Moldovan citizens are the third most numerous community in Bucharest coming from third party states. According to General Immigrations Office data, in 2012, 2,098 foreign citizens were Moldovans, the most numerous foreign communities being the Chinese (4,121) and the Turks (3,425). In total, in 2012, 30,941 persons were registered by the General Immigrations Office. Among them, 19,288 came from third party states, while 11,653 came from EU member states or the EEA Area / Swiss Confederacy.
“The Travel-People” crowns the efforts of our participants to the cultural diversity workshop, which is part of the “New Minorities of Bucharest” project. The high school students, working under the helpful guidance of trainers Amalia, Cristina and Andrei, took monologues based on their own experiences and interactions with persons from different cultures. But how did the work go? Here are the trainers’ answers:
The “Sounds of Bucharest” documentary, directed by Mihai Grecea, takes a musical approach to presenting life in Bucharest, as seen through the eyes of eight characters coming from different worlds, and who have chosen Bucharest as their home. Among them, Fanny Chartres, a French translator, and Fan Shuang, baritone at the Children’s Comedy Opera, Chineze citizen.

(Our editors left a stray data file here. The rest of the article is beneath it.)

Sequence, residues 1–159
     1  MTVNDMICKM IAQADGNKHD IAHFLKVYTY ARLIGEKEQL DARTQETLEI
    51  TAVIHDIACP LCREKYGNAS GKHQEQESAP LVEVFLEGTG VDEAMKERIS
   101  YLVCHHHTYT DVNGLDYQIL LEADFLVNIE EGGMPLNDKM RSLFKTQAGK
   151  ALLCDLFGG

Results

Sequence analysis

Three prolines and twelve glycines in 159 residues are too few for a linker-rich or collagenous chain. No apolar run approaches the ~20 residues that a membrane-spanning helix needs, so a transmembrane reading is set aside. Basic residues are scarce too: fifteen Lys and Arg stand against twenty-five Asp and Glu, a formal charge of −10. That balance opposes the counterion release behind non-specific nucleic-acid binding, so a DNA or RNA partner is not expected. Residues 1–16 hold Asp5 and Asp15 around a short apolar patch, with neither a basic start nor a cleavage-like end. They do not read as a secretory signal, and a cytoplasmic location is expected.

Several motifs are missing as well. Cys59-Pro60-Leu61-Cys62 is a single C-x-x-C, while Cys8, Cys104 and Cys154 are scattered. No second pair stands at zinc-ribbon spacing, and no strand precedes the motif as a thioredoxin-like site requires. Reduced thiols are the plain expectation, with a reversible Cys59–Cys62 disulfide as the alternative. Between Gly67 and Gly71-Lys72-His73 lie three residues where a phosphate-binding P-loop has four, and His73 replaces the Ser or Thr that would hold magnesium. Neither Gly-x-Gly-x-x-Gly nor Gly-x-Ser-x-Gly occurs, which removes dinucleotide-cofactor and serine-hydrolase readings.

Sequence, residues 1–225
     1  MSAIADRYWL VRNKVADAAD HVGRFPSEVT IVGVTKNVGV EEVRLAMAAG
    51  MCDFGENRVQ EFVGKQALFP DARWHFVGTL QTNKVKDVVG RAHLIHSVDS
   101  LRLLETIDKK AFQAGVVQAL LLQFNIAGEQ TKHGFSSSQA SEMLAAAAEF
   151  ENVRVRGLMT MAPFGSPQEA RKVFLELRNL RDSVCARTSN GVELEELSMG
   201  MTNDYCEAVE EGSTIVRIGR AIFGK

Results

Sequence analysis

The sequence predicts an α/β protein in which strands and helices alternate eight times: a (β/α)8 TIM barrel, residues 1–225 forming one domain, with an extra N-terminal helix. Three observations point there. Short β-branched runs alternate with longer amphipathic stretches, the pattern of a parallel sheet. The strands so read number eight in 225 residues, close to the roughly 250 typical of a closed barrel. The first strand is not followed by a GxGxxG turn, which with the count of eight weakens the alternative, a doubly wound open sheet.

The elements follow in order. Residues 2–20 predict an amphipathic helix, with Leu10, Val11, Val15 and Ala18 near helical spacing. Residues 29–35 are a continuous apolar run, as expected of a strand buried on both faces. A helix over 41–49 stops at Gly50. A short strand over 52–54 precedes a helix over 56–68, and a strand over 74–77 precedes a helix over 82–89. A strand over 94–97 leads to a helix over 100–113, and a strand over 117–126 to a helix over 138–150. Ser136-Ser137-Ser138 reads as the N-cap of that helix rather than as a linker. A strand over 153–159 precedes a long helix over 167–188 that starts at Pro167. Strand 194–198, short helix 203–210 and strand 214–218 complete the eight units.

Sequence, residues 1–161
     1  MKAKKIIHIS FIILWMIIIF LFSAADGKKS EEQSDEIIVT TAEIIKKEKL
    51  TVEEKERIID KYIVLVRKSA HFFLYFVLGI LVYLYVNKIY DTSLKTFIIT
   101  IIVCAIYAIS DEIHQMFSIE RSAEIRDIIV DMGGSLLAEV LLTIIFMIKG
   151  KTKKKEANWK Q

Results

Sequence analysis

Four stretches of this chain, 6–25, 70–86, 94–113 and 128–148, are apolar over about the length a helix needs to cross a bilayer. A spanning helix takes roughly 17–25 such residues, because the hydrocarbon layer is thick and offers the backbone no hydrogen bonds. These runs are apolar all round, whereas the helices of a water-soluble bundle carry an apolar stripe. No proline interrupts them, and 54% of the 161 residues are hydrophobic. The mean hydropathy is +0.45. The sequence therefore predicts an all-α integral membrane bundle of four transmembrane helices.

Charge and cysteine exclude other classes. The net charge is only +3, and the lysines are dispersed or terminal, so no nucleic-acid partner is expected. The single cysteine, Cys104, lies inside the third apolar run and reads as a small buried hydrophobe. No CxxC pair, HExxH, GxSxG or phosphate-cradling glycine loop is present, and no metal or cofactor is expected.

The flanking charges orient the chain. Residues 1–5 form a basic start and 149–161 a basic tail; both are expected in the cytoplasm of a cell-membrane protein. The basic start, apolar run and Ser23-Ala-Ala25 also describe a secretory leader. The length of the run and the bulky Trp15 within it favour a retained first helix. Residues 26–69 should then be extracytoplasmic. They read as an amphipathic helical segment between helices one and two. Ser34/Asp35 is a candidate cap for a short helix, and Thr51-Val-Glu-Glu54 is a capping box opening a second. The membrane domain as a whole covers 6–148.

The Buddhist Temple in Colentina was the host of yesterday’s Chinese New Year celebrations, where members of the Chinese community – joined by a few of their Romanian friends – greeted the Year of the Fire Monkey. The festivities started out with a religious ceremony, the priestess and the worshipers praying for peace, prosperity and health, followed by a celebratory vegetarian dinner. Romanian guests gifted pineapples, pomelos, mangoes and other fruit to their hosts at the temple and were invited to take part in the New Year ceremony.